What to Do When Transit Shuts Down

We’ve all been through it. Be it out of necessity, cost, or convenience, almost everyone in the world has taken public transit at least once in their life. Many of us endure the long lines, hours-long commutes, horrid smells, and rude commuters every day. It’s all part of this ritual that we’ve been sucked into. Transit has even been given a big boost from poor college students in some cities. Nobody drives anymore; we all relied on transit (and the subsidized passes) for our college years, training us to slowly march like a herd of sheep to get to our low-paying jobs. We see the wolves (sometimes of Wall Street) trade in their jaws for new Mercedes and loud, flashy cars, fresh from the Midlife Crisis car dealership. But what do we poor, transit-taking peasants do if our beloved buses, trains, and subways stopped running? What if there was a complete transit shutdown? Here’s a guide on what to do when transit shuts down.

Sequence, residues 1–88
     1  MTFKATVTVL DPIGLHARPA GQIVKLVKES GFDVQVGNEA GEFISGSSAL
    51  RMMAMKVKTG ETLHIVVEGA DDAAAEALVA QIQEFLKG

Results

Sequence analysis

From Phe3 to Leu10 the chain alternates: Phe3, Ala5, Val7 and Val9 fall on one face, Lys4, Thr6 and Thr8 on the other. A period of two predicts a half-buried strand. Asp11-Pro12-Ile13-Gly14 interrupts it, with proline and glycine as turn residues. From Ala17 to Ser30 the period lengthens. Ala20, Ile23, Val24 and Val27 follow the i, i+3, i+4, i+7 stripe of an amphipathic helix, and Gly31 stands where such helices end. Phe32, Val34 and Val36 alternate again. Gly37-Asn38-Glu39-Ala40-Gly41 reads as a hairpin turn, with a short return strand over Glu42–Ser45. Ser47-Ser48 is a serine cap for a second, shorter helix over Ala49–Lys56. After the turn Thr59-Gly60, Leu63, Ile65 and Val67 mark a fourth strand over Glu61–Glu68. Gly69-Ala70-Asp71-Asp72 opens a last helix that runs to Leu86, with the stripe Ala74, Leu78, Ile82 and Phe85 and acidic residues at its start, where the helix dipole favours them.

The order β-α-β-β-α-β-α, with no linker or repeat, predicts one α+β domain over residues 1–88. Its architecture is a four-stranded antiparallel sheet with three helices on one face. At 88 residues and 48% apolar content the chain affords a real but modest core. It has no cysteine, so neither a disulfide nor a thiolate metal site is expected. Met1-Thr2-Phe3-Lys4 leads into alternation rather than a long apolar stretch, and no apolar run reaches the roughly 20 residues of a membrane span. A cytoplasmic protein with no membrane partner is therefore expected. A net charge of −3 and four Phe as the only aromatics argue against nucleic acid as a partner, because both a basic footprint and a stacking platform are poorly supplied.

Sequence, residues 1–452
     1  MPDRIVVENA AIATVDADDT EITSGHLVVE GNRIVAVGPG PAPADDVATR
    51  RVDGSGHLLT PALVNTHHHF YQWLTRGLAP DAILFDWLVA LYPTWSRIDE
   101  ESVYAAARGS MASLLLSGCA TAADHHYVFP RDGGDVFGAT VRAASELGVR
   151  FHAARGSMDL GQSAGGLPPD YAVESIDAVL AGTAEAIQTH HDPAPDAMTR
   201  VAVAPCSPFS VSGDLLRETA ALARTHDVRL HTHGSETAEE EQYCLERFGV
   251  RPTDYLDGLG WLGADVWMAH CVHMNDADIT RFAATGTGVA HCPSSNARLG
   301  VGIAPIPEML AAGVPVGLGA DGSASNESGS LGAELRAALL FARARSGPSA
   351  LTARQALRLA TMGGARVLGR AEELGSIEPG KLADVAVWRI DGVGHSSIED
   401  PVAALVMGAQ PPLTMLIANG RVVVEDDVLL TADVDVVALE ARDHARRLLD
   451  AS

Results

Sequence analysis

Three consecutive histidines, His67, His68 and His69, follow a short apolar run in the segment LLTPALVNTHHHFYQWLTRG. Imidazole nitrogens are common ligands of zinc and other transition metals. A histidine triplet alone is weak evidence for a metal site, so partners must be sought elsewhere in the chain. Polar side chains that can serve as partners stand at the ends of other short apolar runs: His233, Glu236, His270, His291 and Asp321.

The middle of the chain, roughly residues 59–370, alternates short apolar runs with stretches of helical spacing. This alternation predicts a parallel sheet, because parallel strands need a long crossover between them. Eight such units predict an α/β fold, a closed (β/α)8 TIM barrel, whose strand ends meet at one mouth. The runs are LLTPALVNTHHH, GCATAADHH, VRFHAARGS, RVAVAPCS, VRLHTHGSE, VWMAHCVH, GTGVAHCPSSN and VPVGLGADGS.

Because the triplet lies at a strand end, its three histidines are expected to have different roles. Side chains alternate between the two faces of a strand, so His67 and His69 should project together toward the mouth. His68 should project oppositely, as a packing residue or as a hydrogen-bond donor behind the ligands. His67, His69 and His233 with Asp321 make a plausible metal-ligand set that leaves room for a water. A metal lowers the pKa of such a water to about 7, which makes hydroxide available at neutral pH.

Step 1: Panic

Don't panic when transit shuts down
The world is falling apart, isn’t that a lovely feeling?

You might as well be doing something useless like cutting a hole in a box. You (along with the hundreds of other people stuck at the train station/bus loop) are now screwed. Nobody can get to work. All the cabs are already being flagged down, and in any case, you probably don’t have enough for a cab fare. So unless you’re within walking distance, the most logical thing to do is panic. You don’t have to show it. Generally, the best thing to do is to panic on the inside while keeping a blank face on the outside. Just do your best to match everyone else. Blend in. There are hundreds of people, if not over a thousand, all in one small space. Don’t worry about the fact that you will be late for work, or that your boss will yell at you. Don’t worry that you might get fired, lose your job, and not be able to afford the latest Beyonce album because the rent is too damn high. A stampede would be a terrible idea, so just keep your mental breakdown to yourself.